The following day, however, while I was waiting to be seen, I saw a steady stream of people coming and going. Almost without exception, their appointments had been rescheduled without prior notification. When I eventually got to the Library, I wrote a letter to the manager of the Jobcentre. I pointed out that had I missed my Friday appointment – through no fault of my own – I would have undoubtedly been ‘sanctioned’ and my money would have been stopped. After having heard similar stories from some other friends, I decided to send an email to our MP, Ann Clwyd. Ironically, her constituency office is directly above the Jobcentre, in Crown Buildings, so that she doesn’t even need to pick up the phone to speak to the manager.
This morning, I arrived for my scheduled appointment, in plenty of time as usual. Ed and Karen J. were there, and we chatted for a little while before Karen’s name was called. When Ed hadn’t been called, he queried it and it took a few minutes before his paperwork was unearthed.
By 11.35 my name still hadn’t been called. One of the staff members told me that she’d track down my file, and spent about five minutes going from desk to desk before calling me to her desk. She explained that I’d been given the wrong information, and that I wouldn’t be signing on until next Thursday. Therefore, I wouldn’t be needed next Friday, as I’d been told. You can see her alterations to my schedule for yourselves.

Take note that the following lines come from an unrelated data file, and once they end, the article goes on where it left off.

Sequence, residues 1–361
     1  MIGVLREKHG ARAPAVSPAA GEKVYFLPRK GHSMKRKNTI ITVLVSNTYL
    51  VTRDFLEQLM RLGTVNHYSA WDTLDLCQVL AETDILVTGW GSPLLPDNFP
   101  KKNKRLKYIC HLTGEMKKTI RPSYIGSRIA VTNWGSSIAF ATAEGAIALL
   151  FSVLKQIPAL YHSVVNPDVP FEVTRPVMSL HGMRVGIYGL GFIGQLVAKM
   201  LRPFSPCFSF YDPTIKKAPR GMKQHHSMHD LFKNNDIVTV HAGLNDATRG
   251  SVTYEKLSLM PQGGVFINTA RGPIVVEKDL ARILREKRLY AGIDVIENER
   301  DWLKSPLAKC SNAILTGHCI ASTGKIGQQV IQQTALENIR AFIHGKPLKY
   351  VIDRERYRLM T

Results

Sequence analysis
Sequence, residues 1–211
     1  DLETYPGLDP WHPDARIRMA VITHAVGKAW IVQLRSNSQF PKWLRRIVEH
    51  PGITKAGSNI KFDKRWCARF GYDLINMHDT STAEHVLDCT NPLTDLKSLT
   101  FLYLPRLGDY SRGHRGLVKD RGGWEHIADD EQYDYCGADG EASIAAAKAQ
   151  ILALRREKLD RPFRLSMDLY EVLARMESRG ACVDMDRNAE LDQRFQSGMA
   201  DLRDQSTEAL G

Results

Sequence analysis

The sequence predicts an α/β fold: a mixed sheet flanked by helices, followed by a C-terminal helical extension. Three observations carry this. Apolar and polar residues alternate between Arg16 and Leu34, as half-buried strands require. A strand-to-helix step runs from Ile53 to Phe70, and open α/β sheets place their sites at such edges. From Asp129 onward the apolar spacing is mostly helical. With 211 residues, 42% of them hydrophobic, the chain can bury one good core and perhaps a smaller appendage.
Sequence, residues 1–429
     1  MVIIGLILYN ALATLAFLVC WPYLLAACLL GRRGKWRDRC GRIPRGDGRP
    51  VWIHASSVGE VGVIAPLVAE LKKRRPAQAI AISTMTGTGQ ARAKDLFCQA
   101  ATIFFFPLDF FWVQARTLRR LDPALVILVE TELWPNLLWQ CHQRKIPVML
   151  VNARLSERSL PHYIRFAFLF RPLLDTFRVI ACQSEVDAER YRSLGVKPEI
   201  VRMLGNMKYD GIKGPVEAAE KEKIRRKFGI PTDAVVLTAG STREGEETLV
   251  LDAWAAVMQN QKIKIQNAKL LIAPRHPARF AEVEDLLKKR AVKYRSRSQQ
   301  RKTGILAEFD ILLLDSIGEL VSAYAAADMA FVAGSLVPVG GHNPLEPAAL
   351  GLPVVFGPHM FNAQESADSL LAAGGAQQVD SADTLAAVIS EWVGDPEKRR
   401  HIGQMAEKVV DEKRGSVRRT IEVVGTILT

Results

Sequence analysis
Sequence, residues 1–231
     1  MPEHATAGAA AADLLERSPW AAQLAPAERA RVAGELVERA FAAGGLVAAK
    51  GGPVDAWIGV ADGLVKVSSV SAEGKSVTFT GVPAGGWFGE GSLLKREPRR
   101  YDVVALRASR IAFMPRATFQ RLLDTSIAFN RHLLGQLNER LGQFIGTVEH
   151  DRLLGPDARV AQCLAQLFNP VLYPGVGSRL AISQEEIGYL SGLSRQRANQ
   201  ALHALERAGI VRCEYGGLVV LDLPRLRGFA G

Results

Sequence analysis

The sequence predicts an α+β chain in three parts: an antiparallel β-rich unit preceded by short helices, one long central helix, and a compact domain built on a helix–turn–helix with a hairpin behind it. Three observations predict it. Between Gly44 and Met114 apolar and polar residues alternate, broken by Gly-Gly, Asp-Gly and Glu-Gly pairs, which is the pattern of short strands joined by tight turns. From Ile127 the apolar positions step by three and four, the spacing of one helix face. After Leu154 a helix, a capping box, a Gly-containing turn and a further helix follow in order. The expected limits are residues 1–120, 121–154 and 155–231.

It’s a good thing that I’m a generally laid-back kind of guy, with a warped sense of humour and extensive experience of customer-facing work. If I was one of the alcohol- and/or drug-fuelled stroppy bastards who frequent the Jokecentre, I daresay the outcome of my last three visits might have been very different. It’s hardly surprising that the building is manned by security guards from HM Government’s favourite private army, G4S. I can understand entirely why people would kick off in there, if they’d been fucked around in the way I’ve been fucked around over the past month.
As I said in my letter to the manager, paperwork used to go astray in Dillons/Waterstone’s from time to time. When it did, the worst case scenario was that a customer didn’t get a book. When there’s a SNAFU at the Jobcentre, it risks leaving vulnerable people destitute through no fault of their own.
It seems to me that the entire system needs to be overhauled, and dragged into the Third Millennium where the rest of us live. There’s no reason why appointments need to be made by letter. We’ve all got mobile phones and/or email addresses, which allow instant communication at a fraction of the cost of sending a letter. There’s no chance of a mobile phone call going astray in the system, either. We’re all expected to use modern technology in our job searches; it’s high time the gatekeepers of the Circumlocution Office got with the program too.